That total -- $16-million -- amounts to 27 percent of all district expenditures, he said.

Dackin said everything is on the table when it comes to deciding how the district will balance its books.

"In the end, we still have to run a district that accomplishes the goals that the board of education set forth," Dackin said. "Those goals are, to hit the excellent standard every year, that schools are safe and productive places for kids to learn and that we manage the money that's given to us by our public in a fiscally responsible manner.

"Whatever the resources the community gives me, I will take them and I will challenge myself and our staff to commit to meeting those goals," he said.

If the operating levy does pass in May, Dackin said, district officials still will have to cut $3-million from next year's budget because they won't be able to collect the new operating money until January 2010. And that doesn't take into account any loss of funds from the state, which he said provides 51 percent of the district's operating revenue.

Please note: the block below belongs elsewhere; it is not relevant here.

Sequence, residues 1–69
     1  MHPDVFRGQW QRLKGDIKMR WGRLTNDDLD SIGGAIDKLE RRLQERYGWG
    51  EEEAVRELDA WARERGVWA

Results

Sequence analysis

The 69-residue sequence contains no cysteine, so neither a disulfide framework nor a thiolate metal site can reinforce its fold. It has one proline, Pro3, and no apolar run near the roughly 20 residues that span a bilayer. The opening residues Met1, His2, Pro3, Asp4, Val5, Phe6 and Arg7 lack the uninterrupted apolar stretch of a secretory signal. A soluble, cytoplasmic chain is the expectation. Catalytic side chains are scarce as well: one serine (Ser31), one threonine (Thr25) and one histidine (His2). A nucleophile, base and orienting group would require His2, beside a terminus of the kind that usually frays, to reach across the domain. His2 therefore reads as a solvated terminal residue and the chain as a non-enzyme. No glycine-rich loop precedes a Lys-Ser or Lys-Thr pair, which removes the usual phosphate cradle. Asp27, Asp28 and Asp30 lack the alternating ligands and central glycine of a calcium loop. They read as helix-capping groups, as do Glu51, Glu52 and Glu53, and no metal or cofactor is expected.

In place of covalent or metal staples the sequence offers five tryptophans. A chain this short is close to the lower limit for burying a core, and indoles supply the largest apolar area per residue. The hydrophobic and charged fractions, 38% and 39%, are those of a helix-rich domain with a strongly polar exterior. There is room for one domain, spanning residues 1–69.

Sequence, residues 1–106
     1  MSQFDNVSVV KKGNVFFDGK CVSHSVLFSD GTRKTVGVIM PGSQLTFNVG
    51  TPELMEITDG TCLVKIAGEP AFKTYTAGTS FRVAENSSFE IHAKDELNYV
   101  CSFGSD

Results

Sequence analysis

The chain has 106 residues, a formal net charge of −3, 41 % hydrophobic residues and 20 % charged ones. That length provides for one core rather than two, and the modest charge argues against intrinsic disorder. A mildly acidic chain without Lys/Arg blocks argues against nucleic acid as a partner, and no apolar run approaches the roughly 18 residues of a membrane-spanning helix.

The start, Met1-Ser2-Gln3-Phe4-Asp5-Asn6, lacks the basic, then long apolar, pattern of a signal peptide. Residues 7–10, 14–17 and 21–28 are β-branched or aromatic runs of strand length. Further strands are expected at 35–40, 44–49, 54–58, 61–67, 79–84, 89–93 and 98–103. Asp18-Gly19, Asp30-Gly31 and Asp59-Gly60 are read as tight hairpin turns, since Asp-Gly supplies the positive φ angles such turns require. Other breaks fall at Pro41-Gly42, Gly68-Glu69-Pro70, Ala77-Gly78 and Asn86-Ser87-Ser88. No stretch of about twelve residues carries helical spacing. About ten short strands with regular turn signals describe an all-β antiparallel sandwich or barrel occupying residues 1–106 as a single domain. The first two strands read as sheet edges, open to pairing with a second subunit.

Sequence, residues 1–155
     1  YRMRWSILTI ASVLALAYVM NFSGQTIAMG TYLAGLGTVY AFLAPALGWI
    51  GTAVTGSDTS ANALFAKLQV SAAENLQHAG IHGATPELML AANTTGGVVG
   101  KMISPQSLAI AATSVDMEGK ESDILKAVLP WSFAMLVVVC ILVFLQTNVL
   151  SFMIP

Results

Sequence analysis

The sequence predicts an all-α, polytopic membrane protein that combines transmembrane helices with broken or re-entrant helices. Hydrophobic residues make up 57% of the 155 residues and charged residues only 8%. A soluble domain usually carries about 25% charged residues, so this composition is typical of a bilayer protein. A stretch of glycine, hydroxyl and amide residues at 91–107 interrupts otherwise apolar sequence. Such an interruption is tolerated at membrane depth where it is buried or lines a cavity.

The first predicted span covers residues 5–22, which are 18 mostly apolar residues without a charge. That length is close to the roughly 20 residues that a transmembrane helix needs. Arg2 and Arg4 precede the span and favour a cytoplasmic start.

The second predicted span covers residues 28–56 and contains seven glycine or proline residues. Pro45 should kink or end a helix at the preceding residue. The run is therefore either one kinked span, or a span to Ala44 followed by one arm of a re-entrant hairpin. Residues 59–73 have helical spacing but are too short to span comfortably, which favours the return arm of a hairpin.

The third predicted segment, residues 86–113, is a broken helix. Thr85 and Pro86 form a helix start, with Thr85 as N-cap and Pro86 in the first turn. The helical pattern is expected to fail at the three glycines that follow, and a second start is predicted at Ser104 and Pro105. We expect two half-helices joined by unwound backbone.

"It's been 12 years since an operating levy was passed, and people need to understand that we can't use bond issue money as operating money," Dackin said.

There has been no decision yet on how big May's levy request will be, but Dackin said the amount likely will be between 6.9 and 13 mills.

"We've been cutting our expenditures over the last three years. During that time period, we did not fill a whole lot of positions that became open," he said.

The list includes 48 teaching positions, eight classified and 11 administrative jobs that were not filled when people retired or resigned.

Despite the setbacks, Dackin said he enjoys being superintendent.

"It is an awesome responsibility but it's a responsibility I have really prepared for all of my life and I have wanted to do it here," he said. It's an awesome responsibility because the learning of 6,700 kids in this community depends on the school system being a robust place for kids to learn, and I'm grateful that I have a great supporting cast," he said.